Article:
My parents were both painters and I was to be a painter, as I foresaw it, before going in for architecture. I also used my hands well, and I constructed things, so the combination led me to be an architect, and since then it's proven a good choice. I see architecture as a service art and not as a fine art, or pure art. I think it's a people art and I think we're dealing with people's needs and so on. And if we do cleave to fulfilment of some need or service, we are perhaps well on our way to creating a building of some architectural merit. If you lose sight of that, I think you're off the track and it is impossible to then deal with architecture. In other words, the closer you cleave to pure art as pure sculpture, the-further you're getting away and the less chance you have of doing a successful piece of architecture. Lewis Munford says of course that without performing a service, there can be for architecture no purpose, no value and no reward. That I truly believe. The reward is from the response of the occupants, not from critics or those who judge you on a professional basis. I am not a sculptor, then, because I'm interested in creating spaces that one can get in and experience them as enclosure, or "to be environed", as they say, as the word means to be enclosed by spaces which then get to you some particular meaning. What that meaning is of course is a matter of dealing with the psyche, quite separate from the physical needs of the building. Recently I've come to canalize architecture, and in this very confused time of change and uncertainty I have come upon what I call three imperatives for architecture. Sounds rather pompous but I've done this very thoughtfully. In over a year's time I find that there are three; there're not two, they're not four. These three to me have been present in architecture since Man started putting stone upon stone some 6,000 years ago. It's so in the present and will be forever in the future. These three imperatives, as I see it, are: technology which is certainly here to stay, and you can see it in the caveman's efforts, you can see it in high technology now. Every period used the highest technology known in its time to express its way of life; and to discard this at any particular time in favour of something else is rather strange. The second imperative is the organic imperative from which I reasoned that, since we are all a part of Nature, we perform in Nature's ways, or should. If we don't, then we are running against Nature. It is almost a sacrilege against God, in a pantheist sense. But then organic architecture to me is essential in the ordering of a building, as in the ordering of a city. And the study of Nature and how she organises herself is the essential thing we learn from Nature. The third imperative is what I call the psycho-social which might be interpreted as the collective soul. We're not talking about beauty or aesthetics particularly now. In our psycho-analytic age we're more apt to put things in terms of the psyche. There's something about the psyche which governs all human animals in their relationship to their environment. To be in touch with this is, then, to understand what, for many thousands of years and into the future and the present, Man expresses as his way of life in forms of rituals, myths and symbols. The Post Modern group of architects, in a very strange way, have cast aside technology and Nature as well, in favour of a pursuit into the psyche and which seems to me they don't really fully understand. Ornament and trappings and personal expressions and a little idiosyncrasy and decorations and so, which we see so often done now, really have no connection with mythology as we know it today, and what are the true symbols. In architecture of course the true symbols are spatial symbols and most consistent with architectural language. Some of these of course we know are the bridge which is a leap from a known base of operations or a reality as we know it, and then being suspended for a moment in space and then put back to another reality on the other side. The airport of course is the current updated version of that. The tower is another one which is an assertion of an effort to get away from the mundane and the earthly experiences in search of greater knowledge or the Divine. The updated symbol of that is of course the rocket. So we are reliving symbols and rituals as we always have before. For an architect to be ignorant of these things is preposterous.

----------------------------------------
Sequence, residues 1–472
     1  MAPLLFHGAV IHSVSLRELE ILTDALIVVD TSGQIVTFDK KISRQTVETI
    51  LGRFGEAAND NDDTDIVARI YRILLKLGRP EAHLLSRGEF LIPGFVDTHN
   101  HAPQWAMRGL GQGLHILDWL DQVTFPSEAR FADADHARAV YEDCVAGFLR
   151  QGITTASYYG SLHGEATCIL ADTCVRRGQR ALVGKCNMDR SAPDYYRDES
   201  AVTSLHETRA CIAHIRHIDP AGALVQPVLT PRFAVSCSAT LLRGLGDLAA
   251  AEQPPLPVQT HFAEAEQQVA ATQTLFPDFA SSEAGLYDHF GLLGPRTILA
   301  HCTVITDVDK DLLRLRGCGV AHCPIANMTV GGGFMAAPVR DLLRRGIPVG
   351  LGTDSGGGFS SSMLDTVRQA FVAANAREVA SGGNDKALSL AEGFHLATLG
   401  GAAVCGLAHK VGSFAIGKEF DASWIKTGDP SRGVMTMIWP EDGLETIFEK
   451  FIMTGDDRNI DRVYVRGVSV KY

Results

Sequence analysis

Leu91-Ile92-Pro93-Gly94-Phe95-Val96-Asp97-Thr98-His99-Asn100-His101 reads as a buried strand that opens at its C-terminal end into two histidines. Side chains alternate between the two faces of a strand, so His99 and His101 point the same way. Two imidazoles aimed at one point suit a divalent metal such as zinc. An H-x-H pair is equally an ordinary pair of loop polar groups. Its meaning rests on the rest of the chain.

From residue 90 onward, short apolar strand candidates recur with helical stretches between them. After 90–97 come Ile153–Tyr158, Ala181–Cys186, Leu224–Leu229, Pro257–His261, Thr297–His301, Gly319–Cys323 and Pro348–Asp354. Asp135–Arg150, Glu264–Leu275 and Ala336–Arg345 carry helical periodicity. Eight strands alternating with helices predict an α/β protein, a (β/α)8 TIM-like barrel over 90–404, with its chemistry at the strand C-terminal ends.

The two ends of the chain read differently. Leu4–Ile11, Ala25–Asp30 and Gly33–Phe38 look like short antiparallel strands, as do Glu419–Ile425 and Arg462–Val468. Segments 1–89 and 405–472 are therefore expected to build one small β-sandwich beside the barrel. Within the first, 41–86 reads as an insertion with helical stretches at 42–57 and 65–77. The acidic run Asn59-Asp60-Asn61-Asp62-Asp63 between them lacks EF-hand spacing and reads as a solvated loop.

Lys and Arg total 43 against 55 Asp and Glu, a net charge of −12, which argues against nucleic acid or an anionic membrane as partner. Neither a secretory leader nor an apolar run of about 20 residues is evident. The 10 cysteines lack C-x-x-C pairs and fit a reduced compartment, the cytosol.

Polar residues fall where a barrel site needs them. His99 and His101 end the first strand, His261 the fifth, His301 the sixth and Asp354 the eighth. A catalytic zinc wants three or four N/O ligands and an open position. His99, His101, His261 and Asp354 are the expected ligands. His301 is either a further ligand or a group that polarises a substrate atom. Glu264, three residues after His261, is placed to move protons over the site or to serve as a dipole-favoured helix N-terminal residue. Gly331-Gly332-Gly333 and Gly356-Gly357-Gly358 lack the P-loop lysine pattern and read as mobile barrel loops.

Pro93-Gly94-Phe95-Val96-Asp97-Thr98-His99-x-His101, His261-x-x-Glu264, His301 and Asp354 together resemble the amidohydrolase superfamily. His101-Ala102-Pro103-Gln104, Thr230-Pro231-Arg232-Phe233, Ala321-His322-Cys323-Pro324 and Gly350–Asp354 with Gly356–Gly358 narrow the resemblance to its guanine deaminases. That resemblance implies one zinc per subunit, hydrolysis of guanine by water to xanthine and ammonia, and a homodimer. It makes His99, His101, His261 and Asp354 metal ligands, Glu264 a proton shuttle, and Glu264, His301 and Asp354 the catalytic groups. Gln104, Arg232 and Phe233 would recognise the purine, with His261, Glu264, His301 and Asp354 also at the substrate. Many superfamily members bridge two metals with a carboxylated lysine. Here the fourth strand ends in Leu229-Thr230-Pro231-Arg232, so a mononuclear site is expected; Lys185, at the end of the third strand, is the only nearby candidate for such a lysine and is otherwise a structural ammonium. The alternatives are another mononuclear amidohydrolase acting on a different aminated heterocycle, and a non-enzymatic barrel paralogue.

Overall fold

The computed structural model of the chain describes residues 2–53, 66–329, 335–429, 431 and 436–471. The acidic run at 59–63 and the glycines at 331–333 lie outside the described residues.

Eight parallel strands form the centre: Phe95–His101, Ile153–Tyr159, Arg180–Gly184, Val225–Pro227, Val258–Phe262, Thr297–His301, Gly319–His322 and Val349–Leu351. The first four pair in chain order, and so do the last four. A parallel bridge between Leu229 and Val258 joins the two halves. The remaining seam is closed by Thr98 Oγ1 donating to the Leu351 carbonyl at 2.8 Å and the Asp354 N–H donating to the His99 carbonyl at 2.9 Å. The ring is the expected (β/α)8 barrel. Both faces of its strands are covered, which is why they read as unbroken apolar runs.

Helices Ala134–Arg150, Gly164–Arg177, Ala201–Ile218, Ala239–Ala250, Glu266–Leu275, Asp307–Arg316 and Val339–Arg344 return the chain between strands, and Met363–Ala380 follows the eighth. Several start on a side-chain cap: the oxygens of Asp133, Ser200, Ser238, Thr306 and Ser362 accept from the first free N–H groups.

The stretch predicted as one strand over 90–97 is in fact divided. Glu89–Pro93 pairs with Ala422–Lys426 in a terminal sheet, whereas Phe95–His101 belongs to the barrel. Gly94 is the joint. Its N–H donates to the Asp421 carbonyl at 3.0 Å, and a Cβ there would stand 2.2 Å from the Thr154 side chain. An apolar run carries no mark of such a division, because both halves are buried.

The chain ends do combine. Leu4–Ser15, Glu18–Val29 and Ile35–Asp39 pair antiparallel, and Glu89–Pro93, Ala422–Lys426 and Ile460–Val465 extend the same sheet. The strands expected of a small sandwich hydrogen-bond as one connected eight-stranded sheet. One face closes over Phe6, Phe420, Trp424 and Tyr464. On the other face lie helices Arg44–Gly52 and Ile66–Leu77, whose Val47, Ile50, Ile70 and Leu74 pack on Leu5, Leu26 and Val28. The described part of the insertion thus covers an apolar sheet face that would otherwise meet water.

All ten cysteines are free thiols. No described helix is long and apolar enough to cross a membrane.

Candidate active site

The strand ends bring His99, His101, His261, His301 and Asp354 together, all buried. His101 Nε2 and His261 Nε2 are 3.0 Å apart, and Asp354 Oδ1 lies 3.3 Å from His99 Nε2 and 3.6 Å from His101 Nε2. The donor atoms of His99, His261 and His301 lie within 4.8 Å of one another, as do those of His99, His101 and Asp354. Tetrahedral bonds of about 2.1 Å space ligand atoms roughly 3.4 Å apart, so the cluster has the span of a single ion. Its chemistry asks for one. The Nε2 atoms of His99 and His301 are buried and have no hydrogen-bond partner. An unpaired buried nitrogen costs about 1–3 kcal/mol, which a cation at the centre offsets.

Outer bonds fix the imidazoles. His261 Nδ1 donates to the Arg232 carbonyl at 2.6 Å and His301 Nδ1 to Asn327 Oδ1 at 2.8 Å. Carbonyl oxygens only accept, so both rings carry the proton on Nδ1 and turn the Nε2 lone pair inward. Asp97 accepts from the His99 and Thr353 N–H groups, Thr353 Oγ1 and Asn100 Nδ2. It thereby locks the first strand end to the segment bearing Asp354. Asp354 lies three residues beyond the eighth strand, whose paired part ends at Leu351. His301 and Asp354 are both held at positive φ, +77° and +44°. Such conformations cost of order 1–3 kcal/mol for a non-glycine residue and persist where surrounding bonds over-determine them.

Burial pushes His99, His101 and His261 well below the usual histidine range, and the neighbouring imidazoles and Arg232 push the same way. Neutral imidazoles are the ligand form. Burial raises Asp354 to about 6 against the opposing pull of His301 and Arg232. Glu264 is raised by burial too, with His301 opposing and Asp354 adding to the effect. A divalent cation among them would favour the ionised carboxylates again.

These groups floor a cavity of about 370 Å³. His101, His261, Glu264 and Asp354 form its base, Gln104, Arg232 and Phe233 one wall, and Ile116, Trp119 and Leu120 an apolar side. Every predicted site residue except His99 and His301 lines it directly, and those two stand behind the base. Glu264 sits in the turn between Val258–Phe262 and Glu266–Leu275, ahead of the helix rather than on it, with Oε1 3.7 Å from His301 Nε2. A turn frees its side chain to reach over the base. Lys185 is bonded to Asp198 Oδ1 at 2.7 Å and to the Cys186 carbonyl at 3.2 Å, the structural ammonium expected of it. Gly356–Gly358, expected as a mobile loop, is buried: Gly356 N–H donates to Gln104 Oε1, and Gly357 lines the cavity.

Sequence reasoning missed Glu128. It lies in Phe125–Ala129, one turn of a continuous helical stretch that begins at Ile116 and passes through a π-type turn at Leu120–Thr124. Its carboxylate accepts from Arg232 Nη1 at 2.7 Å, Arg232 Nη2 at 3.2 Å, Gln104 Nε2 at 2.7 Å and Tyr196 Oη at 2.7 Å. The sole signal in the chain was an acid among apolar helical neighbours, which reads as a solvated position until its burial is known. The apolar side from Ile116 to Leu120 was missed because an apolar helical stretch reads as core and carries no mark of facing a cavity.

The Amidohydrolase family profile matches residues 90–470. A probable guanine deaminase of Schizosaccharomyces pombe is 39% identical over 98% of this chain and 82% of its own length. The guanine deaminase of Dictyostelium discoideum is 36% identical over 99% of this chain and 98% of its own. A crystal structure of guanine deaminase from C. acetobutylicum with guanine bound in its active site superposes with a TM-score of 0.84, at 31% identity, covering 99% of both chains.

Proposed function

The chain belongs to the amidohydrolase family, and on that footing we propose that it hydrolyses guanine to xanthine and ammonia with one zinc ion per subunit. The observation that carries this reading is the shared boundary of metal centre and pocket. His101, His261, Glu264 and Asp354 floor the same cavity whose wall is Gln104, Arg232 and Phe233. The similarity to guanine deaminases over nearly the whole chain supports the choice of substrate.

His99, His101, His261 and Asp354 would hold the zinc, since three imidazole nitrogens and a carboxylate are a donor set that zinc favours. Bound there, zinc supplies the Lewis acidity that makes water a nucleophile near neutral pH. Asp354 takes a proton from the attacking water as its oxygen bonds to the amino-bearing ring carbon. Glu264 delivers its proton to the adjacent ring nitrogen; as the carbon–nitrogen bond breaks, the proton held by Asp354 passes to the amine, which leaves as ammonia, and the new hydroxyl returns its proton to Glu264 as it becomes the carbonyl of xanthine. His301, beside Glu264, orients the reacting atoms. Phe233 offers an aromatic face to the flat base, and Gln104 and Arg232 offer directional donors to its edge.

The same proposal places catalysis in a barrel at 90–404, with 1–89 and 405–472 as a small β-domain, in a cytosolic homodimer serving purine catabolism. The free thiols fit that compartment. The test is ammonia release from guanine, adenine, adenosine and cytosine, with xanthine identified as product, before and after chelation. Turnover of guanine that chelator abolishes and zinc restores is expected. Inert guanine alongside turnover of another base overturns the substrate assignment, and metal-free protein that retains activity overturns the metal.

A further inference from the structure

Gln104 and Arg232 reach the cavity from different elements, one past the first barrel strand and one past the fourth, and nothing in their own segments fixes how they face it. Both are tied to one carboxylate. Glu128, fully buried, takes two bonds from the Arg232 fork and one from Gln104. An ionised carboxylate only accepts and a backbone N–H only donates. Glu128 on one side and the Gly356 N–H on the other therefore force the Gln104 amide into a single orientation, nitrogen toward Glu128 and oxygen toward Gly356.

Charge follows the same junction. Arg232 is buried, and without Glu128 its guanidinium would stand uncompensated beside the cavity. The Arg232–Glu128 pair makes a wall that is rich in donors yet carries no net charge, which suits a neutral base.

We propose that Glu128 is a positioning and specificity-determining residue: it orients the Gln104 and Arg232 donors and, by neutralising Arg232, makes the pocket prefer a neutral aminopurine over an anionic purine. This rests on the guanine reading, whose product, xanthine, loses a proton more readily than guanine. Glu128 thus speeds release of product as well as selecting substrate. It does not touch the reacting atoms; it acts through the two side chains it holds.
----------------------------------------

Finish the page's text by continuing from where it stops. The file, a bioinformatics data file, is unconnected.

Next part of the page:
I like to talk a bit about the Oklahoma Theatre Centre, known most popularly as the Mummers Theatre. An interesting fact was I think at the very start that I was chosen as architect for this, among others interviewed by the director of the theatre, having first chosen a stage designer. So it worked from the needs of the director as he conceived the performances in the theatre, to the concept of a staging device, and then outwardly to the building which would enclose it. I think this is a proper way to select an architect in this case, and I'm very pleased to have been part of that process. The site is an open site close to the centre of city so that it could be an independent building quite separated on all sides from anything around it. It is in a public park. So I had the latitude and freedom to design a free-standing image there which is beautifully surrounded by planting.
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